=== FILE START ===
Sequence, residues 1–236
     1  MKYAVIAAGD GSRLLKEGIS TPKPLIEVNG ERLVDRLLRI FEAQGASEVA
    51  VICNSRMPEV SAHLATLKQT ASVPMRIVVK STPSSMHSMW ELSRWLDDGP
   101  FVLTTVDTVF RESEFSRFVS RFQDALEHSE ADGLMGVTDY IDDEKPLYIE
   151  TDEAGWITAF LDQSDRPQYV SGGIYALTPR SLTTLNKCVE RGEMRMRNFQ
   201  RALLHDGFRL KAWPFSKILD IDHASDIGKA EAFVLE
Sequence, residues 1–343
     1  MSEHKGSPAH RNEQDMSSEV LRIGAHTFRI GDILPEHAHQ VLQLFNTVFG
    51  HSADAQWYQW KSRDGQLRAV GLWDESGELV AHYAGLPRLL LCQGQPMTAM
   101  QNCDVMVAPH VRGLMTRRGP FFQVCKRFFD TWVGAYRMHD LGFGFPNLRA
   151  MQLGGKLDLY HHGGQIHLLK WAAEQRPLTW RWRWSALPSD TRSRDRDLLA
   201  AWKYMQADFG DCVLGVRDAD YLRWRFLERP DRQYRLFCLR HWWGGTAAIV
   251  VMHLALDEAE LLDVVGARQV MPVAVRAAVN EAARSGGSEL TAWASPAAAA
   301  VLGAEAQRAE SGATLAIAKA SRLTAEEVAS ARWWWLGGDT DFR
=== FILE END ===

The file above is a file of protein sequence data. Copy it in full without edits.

Sequence, residues 1–236
     1  MKYAVIAAGD GSRLLKEGIS TPKPLIEVNG ERLVDRLLRI FEAQGASEVA
    51  VICNSRMPEV SAHLATLKQT ASVPMRIVVK STPSSMHSMW ELSRWLDDGP
   101  FVLTTVDTVF RESEFSRFVS RFQDALEHSE ADGLMGVTDY IDDEKPLYIE
   151  TDEAGWITAF LDQSDRPQYV SGGIYALTPR SLTTLNKCVE RGEMRMRNFQ
   201  RALLHDGFRL KAWPFSKILD IDHASDIGKA EAFVLE
Sequence, residues 1–343
     1  MSEHKGSPAH RNEQDMSSEV LRIGAHTFRI GDILPEHAHQ VLQLFNTVFG
    51  HSADAQWYQW KSRDGQLRAV GLWDESGELV AHYAGLPRLL LCQGQPMTAM
   101  QNCDVMVAPH VRGLMTRRGP FFQVCKRFFD TWVGAYRMHD LGFGFPNLRA
   151  MQLGGKLDLY HHGGQIHLLK WAAEQRPLTW RWRWSALPSD TRSRDRDLLA
   201  AWKYMQADFG DCVLGVRDAD YLRWRFLERP DRQYRLFCLR HWWGGTAAIV
   251  VMHLALDEAE LLDVVGARQV MPVAVRAAVN EAARSGGSEL TAWASPAAAA
   301  VLGAEAQRAE SGATLAIAKA SRLTAEEVAS ARWWWLGGDT DFR